I’ve just wrapped up the solo travel portion of my Australia trip, so I figured a new blog post was in order! After a month on my own traveling along the Land-Down-Under’s gorgeous east coast, I’ve got plenty to say about solo travel and all that it entails.
I have to start by saying that Australia is one of the safest places for solo female travel. As a young, blonde, blue eyed girl I’ve encountered many situations both around the globe and around my home town in mid west United States where I’ve felt the need to be extra on the lookout. Although I’ve always been careful to be aware of my surroundings on this trip, I’ve never felt unsafe. So to any ladies out there looking for a good place to spread your solo travel wings for the first time, Australia is perfect! The culture in general is quite respectful of women, especially compared to the US.
So, location and safety set aside, here’s my ten cents on solo female travel.
There are some incredible aspects of solo travel. Over the past month I’ve kayaked with whales, wandered through eucalyptus forests, and spent a weekend at a music festival dancing beneath the stars. I’ve done yoga surrounded by morning song birds, picked my own bananas, and surfed some good waves. I’ve searched for shells on beaches all to myself and I’ve explored local markets among the crowds. I’ve also met some extremely incredible people and artists and have sat around the fire talking about anything and everything over mulled wine and new music. Could I have done many of these same things with a traveling partner? Obviously. Would I have been challenged to learn and grow in the same way that I have been? The answer to that is just as obvious.
“Traveling is the great true love of my life… I am loyal and constant in my love of travel. I feel about travel the way a happy new mother feels about her impossible, colicky, restless newborn baby- I just don’t care what it puts me through. Because I adore it. Because it’s mine. Because it looks just like me.”
Elizabeth Gilbert – Eat Pray Love
Traveling solo really gives you the chance to make your own plans… And the chance to change those plans, improvise, and just do whatever the hell your heart desires! It’s freeing and it’s fantastic. It will change whatever limited belief you had of travel beforehand. It will give you a new passion for life and culture.
I won’t lie- solo travel is hard sometimes. Being the introvert that I am, the hardest part for me was finding the energy to meet people and get involved, especially while staying in hostels where people are only around for a few days then either they or I are moving on. I’d meet people to hang out with, then I’d get to the next place and have to do it all over again. For most people I’m sure this isn’t a problem. For me, I did a lot of things by myself. I didn’t mind this, but there were times wished I had someone who I already knew to hang out with, just because it became tiring for me to constantly have to make new hostel friends.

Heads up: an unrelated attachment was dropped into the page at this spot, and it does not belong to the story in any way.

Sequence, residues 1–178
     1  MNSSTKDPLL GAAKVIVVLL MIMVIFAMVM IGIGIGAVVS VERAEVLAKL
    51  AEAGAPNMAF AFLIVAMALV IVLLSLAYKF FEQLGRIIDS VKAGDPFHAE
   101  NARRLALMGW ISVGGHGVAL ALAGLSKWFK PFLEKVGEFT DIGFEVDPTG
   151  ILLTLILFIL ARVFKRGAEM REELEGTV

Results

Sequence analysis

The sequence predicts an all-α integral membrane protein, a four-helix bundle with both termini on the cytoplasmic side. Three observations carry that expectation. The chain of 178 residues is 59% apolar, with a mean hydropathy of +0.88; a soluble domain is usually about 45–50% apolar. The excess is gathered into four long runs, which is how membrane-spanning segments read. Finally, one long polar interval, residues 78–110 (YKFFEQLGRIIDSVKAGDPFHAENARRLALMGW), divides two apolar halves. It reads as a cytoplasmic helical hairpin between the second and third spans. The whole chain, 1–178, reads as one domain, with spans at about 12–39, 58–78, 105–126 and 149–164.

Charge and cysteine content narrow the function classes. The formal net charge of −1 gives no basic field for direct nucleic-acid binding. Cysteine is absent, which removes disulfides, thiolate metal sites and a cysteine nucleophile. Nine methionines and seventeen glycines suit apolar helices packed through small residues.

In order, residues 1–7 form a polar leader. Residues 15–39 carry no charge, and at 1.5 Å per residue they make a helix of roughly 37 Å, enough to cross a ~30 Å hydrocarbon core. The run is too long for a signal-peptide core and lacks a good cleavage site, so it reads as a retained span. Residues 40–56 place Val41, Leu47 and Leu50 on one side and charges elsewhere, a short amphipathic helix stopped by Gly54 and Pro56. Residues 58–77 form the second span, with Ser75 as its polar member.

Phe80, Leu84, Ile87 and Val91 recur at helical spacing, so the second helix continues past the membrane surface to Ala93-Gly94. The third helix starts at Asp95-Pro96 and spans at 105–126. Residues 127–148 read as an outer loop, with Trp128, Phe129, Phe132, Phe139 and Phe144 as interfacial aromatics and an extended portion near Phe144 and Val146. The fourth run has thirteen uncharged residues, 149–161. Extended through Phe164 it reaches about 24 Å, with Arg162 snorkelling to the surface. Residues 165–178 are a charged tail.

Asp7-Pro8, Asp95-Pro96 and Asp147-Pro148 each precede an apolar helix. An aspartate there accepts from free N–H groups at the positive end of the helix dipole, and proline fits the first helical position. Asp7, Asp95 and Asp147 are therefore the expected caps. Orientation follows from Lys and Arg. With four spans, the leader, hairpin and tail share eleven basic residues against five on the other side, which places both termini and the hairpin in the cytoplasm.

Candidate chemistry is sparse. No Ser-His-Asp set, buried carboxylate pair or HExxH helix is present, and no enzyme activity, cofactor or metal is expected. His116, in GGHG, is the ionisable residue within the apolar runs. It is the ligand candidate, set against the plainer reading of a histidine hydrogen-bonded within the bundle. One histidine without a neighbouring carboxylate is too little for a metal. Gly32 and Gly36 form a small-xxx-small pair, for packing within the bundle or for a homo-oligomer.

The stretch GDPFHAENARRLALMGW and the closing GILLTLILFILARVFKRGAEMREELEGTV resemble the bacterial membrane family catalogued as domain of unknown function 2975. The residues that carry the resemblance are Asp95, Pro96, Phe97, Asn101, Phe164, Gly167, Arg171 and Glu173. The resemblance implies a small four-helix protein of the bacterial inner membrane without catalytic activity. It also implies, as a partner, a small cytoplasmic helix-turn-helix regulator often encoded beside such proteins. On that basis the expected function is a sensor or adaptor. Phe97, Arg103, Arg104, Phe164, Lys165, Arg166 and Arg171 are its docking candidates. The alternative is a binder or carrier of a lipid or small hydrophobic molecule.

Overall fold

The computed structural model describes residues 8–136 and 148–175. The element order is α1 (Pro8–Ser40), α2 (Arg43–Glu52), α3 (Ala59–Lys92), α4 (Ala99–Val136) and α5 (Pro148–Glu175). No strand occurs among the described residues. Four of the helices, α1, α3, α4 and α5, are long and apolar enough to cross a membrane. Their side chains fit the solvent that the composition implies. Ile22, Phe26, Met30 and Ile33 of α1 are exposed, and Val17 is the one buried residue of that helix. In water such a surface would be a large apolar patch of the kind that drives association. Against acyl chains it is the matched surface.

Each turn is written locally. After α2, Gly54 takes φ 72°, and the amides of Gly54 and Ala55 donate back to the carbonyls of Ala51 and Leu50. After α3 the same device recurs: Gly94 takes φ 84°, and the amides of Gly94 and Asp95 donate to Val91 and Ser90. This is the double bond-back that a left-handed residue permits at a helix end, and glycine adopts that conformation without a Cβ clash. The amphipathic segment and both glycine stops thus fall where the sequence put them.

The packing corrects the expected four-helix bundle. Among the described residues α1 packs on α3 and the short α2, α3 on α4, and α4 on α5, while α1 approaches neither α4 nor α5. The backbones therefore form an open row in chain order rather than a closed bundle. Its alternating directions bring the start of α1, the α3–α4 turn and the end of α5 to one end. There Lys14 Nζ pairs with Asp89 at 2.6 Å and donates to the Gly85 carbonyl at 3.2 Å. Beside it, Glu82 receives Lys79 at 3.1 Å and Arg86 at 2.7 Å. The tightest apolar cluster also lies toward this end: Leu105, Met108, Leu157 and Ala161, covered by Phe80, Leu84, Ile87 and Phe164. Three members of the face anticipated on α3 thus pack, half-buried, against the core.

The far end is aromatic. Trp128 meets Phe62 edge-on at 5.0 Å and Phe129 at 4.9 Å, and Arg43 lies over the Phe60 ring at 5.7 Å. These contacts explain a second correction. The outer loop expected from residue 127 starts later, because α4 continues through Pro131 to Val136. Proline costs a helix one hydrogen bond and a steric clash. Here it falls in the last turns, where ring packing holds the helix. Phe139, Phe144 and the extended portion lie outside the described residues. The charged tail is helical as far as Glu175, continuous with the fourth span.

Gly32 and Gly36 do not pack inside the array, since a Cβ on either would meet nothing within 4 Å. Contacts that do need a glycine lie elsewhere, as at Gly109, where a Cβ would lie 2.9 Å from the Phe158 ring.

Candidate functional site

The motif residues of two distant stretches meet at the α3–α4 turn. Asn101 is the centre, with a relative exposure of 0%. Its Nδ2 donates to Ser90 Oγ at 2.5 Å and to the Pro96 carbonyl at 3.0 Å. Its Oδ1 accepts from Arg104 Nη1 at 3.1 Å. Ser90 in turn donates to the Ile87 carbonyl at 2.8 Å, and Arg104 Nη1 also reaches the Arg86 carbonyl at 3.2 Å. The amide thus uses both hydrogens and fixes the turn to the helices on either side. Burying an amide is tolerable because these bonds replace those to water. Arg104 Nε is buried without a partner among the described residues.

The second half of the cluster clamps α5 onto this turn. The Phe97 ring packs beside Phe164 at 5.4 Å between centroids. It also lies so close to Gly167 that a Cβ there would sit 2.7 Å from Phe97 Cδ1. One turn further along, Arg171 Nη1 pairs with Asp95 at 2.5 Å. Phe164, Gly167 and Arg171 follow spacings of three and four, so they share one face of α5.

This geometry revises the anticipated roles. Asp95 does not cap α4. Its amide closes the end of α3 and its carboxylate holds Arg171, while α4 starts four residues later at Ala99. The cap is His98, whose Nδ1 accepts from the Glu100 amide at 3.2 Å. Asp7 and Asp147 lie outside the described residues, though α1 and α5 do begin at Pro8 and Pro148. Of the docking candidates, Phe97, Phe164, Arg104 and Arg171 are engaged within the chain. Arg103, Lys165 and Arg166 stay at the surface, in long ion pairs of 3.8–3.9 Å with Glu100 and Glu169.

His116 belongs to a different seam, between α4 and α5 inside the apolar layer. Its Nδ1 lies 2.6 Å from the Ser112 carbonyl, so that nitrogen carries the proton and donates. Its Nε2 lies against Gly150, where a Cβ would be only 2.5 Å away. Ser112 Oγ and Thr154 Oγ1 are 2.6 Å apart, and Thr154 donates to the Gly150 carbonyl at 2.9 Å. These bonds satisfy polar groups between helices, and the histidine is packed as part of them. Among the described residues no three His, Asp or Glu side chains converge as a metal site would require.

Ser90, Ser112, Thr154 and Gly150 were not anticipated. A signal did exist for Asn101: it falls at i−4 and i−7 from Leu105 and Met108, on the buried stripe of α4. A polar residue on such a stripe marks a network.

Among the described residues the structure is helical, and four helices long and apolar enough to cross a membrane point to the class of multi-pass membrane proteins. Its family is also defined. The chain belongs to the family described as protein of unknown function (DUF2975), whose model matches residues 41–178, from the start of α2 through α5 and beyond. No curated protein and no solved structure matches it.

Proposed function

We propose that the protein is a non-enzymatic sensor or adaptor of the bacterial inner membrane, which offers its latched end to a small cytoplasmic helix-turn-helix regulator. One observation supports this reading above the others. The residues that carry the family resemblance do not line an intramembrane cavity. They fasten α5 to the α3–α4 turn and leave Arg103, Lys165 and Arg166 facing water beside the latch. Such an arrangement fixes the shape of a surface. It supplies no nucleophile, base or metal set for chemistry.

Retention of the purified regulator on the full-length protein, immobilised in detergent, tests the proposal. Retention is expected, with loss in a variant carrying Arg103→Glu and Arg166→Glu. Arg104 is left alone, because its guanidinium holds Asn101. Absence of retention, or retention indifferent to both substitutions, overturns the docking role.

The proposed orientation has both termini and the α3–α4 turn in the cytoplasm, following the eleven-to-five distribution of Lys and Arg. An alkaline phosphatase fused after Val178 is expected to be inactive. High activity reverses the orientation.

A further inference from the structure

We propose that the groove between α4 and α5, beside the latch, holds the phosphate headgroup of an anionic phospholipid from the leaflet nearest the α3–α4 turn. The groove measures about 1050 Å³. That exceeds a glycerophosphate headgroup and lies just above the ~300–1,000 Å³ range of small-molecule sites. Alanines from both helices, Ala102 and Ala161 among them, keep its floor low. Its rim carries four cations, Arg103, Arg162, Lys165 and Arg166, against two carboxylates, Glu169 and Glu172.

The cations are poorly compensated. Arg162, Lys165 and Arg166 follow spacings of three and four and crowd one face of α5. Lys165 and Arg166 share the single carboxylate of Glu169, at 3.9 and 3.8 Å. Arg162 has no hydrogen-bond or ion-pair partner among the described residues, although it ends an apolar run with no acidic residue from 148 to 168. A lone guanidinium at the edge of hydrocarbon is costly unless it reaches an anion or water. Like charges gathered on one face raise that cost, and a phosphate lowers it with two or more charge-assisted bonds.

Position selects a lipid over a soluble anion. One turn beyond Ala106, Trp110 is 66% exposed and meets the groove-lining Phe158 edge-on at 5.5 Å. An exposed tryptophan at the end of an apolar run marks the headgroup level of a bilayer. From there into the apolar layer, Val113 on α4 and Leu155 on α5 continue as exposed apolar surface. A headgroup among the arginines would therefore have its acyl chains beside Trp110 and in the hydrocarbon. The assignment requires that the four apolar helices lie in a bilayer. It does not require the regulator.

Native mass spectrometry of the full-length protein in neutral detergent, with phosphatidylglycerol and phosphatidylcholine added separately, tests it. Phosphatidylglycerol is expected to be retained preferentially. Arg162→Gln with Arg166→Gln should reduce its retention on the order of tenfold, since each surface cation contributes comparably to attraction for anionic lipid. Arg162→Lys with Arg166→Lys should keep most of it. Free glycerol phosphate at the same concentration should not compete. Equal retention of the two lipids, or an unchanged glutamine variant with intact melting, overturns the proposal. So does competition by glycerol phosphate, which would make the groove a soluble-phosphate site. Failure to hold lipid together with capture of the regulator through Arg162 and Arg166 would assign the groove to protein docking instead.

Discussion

While maybe half of the past month was spent in hostels, the other half was spent doing Workaways. One thing I hadn’t considered in my travel planning was getting lonely doing Workaway as a solo traveler. I guess it didn’t occur to me that most of the time I’d be working by myself. Of course all Workaway situations are different, and I’m thankful to have had all amazing hosts so far who were great company in the evenings, but for the most part my morning work was separate from theirs. I found that working alone can make the work seem long and make home seem far away.
Alright well there’s nothing that I’d go so far as to say is “ugly” about solo travel, but I will say that after this time on my own I have no real immediate desire to do another long term solo trip. After about two weeks I was done being alone. Having no choice but to continue on my own is where I think I grew the most and really learned my limits though, so in hindsight that wasn’t all bad. As a woman, it’s made me feel incredibly empowered. I’ve realized how much I really can do by myself.
Traveling alone will be the most terrifying, most liberating, most life changing experience you may ever encounter. You’ll learn more about yourself than you would doing anything else. You’ll get the chance to do things you’d never do with a group. Solo travel will test you, your beliefs, your physical and emotional limits… and your cooking skills.
Try it at least once.